While sitting in immovable traffic after going to the theater, I was reminded of something I heard someone say… “If we’d have left 15 minutes later, we would have been home by now.” At the time, this made absolutely no sense. How could we leave 15 minutes later and be home when we would be behind ourselves? Unless, of course we had found a wormhole and were about to travel in time… Nope. There is a much simpler explanation. It’s all about Visibility.
Let me explain. Once you are sitting in traffic, you have limited choices. You are looking left, looking right, and trying to decide if there is a better way to get home. Without a GPS, you can’t see anything ahead, so you make a guess that taking the ramp to the right will be faster. Wrong! Construction.. worse than you were before. This is the result of no visibility, just a guess, and it got you nowhere. If you have a GPS, you have the visibility to see where the problem lies and you are able to make a much wiser decision as to the best route to take.
The advice that had formerly made no sense actually did…it went something like this. Instead of reacting once you had the problem, wait to see where the problem areas were, and then you could choose the best route home and not have to deal with all the traffic. This is viewing your traffic problem as a situation with the necessary visibility to make a decision on a composite set of information or events.
Monitoring an application infrastructure is similar. Many times, you deploy an application and problems occur; however, it is completely unclear what their root cause is. The symptoms are often missed until the users have issues and at that point it is just too hard for the support desk to piece it all together. Eventually, the problem goes away, but no one fixed anything. That can only mean one thing…it will come back again. What’s missing?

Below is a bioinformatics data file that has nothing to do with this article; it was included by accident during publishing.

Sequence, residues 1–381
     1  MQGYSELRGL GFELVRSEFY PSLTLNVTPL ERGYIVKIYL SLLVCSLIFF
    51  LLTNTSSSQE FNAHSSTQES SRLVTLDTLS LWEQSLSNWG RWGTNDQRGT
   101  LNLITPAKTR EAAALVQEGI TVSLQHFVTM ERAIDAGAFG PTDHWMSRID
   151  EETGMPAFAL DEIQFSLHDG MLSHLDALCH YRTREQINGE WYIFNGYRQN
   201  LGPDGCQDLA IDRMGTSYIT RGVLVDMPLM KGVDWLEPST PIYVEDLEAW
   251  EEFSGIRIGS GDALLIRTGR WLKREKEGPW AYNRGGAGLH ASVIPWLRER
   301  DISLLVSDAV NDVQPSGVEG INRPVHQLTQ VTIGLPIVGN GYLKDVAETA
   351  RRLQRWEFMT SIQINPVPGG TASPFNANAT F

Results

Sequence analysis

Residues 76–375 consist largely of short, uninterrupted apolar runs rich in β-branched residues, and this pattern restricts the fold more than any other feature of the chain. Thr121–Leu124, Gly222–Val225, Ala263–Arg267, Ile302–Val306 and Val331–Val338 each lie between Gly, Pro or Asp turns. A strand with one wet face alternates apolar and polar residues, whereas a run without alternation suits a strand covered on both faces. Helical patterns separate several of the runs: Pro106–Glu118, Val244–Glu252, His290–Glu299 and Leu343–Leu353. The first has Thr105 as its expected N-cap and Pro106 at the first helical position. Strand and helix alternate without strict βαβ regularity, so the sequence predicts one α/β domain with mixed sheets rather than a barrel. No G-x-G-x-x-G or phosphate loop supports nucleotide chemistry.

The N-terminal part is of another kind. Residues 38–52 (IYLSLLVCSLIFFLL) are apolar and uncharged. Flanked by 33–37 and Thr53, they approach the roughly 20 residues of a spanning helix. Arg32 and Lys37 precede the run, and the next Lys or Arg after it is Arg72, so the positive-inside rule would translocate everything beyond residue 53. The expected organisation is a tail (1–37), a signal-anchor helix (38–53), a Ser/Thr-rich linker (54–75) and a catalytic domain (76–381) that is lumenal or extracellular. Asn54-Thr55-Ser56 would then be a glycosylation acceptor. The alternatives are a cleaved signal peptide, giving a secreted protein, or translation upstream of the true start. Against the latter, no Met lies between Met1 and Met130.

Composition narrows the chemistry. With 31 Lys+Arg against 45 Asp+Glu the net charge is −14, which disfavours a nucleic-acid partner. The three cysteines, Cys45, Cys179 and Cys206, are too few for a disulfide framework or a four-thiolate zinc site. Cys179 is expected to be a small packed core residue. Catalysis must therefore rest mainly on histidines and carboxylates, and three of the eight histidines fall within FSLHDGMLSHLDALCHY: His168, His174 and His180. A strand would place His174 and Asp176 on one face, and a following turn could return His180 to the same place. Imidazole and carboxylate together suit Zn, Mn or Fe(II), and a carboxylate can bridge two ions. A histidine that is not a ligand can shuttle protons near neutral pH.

Just like in our travel example, you need to be able to put multiple pieces of information together in order to make the best decision. Instead of the fragmented view you get when you react to each issue as the complaints come in, use real-time analytics to put the symptoms together and recognize the patterns that describe a real problem. Old-school monitoring of individual resource availability alone will result in many false-positive. Who wants to wake up in the middle of the night to chase those ghosts? Better, would be to monitor the rate of change for a resource such as heap; as an increase in that rate is most likely a real problem. And then correlate that rate of change with an application indicator such as transactions completed.
Ideally you end up with a monitoring system that lets you monitor, analyze and act. You have the visibility and analysis to address issues before they cause damage.
For more information, check out the video on detecting application performance trends.